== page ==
Baguettes, sliced into rounds - many varieties of French or Italian bread will do, but the baguette shape is ideal for bruschette
Sea salt and freshly ground pepper
Variation No. 1: Halloumi and quince
Membrillo (quince paste)
Variation No. 2: Taleggio, chicken and cherry
Sour cherry jam
Black cherries, pitted and sliced in half
Boneless chicken breast
Variation No. 3: Fontina, prosciutto, red pepper and apricot
Fontina Val d'Aosta
Apricot jam or apricot mostarda, if you have it
Prosciutto, as thinly sliced as your deli can provide - prosciutto di Parma is lovely, but prosciutto americano from La Quercia is also excellent and responsibly raised (check out their website) and you could also substitute thinly sliced Serrano ham
Red peppers (bell or another sweet variety), roasted, with skin removed, and sliced into 3x3 inch pieces (or roughly the size of your baguette rounds) - although I tend to prefer to do everything from scratch (even baking the bread and making the jam if you have time, though admittedly I've never tried to make cheese), using red peppers roasted and packed in olive oil will not seriously compromise this recipe
Variation No. 4: Brie, pecans and pear
Triple-crème brie - I like too many varieties to specify just one, and most go well with these flavors
Pecans, halved and coarsely chopped
Double or heavy cream
Pears, Anjou or Bosc, thinly sliced
Brush baguette rounds with olive oil and toast lightly in the oven at 350˚F.
Variation No. 1
1. Heat olive oil in a pan until shimmering.
2. While it's heating, slice the halloumi into 1/2 inch thick pieces. Fry them lightly into the oil until brown around the edges.
3. Spread rounds with membrillo and top with halloumi. Depending on the shape of your block of halloumi, each round may need two pieces.
4. Place back into the oven for 5 minutes.
Variation No. 2
1. While the rounds are toasting, lightly rub your chicken breast(s) with olive oil, salt and pepper. Heat a grill pan or panini press with grill plates (or George Foreman-type grill, whatever you have available) and grill chicken until cooked through. (You are on your own for anything beyond this - I'm neither a cookbook writer, as previously stated, nor a cookbook cook, so my job is mainly to share ideas and inspire.)
2. While the chicken is grilling, toss the cherries with brown sugar until lightly coated and sauté in butter. Set aside.
3. Slice the grilled chicken diagonally into pieces, about 1/2-1/4 inch thick. As with the halloumi, the shape and size of the breasts will determine whether you need more than one piece to cover your baguette rounds.
4. Spread the baguette rounds with a generous quantity of sour cherry jam.
5. Spread an even more generous layer of Taleggio over the jam.
6. Stud the Taleggio layer with sautéed cherries.
7. Top with grilled chicken.
8. Place back in the oven for 5 minutes or less - you want the cheese just barely beginning to melt.
Variation No. 3
1. Drain your roasted red peppers on paper towels well in advance to avoid making the bread soggy.
2. Spread the baguette rounds with the apricot jam or mostarda.
3. Place a 1/4-inch thick slice of fontina on top of each round.
4. Place a piece of roasted red pepper on top of the fontina.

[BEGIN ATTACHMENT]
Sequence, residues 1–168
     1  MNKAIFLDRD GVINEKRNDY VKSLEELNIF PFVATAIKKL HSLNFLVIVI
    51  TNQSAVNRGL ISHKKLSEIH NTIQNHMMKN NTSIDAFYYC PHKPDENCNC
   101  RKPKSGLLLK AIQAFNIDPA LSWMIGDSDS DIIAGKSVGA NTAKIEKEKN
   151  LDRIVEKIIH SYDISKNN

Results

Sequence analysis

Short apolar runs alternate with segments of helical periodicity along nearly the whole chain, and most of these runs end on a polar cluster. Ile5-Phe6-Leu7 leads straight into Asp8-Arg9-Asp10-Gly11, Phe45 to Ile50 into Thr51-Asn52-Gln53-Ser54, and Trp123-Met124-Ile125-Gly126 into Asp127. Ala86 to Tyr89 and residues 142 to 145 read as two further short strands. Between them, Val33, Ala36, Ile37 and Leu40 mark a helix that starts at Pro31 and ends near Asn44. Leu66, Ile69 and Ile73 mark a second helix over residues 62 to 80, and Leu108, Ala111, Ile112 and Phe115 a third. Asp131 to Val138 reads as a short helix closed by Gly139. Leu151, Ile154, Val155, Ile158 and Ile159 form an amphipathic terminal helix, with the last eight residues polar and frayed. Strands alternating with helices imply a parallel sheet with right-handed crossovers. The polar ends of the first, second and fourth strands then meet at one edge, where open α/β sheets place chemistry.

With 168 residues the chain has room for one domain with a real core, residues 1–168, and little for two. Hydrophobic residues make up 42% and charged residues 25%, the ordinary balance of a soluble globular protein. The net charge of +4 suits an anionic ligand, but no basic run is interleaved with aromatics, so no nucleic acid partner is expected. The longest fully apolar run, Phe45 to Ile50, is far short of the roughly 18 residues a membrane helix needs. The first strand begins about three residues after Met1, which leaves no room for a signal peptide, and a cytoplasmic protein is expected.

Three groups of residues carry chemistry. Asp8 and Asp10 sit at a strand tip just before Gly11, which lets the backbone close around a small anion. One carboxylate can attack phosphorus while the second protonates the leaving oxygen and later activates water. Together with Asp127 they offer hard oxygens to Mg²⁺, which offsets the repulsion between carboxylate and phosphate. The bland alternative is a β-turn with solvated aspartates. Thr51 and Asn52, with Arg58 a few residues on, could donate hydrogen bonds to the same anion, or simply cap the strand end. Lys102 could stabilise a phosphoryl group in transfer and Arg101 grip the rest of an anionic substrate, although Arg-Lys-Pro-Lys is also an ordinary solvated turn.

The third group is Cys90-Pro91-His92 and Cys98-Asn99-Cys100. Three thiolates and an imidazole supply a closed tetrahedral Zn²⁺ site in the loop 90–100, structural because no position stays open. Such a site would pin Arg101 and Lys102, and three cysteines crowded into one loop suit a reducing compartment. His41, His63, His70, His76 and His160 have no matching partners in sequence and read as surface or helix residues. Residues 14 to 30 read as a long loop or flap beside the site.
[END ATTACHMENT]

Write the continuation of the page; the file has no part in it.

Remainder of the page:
5. Gently fold a small piece of prosciutto (you will need to cut the slices) on top of the red pepper.
6. Place back in the oven for 5-10 minutes - just until the cheese is melting but not running over the edges of the bread and the prosciutto is beginning to crisp.
Variation No. 4
1. Carefully heat the sugars in a pan until melted. Don't stop stirring!
2. Stir in the pecans.
3. Lower the heat and stir in the cream. (I promise I will eventually supply more specific instructions - I do these three steps mostly on instinct.)
4. Allow to cool slightly, until just beginning to firm.
5. Spoon the pecan mixture onto the baguette rounds (about 1 1/2 tsp per round).
6. Place a thick layer of Brie on top of the pecans.
7. Press a slice of pear onto the Brie.
Serves: As many people as you invite - adjust quantities as you see fit!
The story: These were gradually invented over the course of a dozen cocktail parties that I hosted between 2007 and 2010. They can all be adapted into exceptionally delicious fillings for panini and toppings for pizza as well. For panini, I suggest a good crusty Italian boule, thickly sliced and then sliced in half. Instead of briefly toasting the bruschette at the oven, place the other half of the slice of bread (also spread with jam) on top and then press briefly in a panini press (brief is key, as is toasting the bread in advance, to avoid sogginess).
Years ago, before I became a parent, I was a mostly-miserable medical resident. I left my house around 5:30 in the morning and didn't get home until 7 o'clock most nights. I had one weekend off a month. I lived in a city far from my family and was nearly always too exhausted to do the things I loved (like skiing, hiking and rock climbing).
But nearly every day, I dragged myself up five flights of stairs to my home and headed straight for the kitchen, where I'd pour myself a glass of wine and spend the next couple hours making an elaborate dinner - sole meunière, farro with hazelnut pesto, seared scallops with risotto milanese, and many other recipes that I'll eventually post here. At the height of my therapeutic cooking, I prepared a five-course dinner (with a choice of ten cocktails to accompany it) for 15 of my friends and colleagues, complete with printed menus with (what I thought were) catchy titles. I served these bruschette for the second course, "Grilled Cheese, Three Ways." The complete menu appears in the next post (and as I blog more, I'll try to include complete menus from some of my better dinner parties and holidays over the years).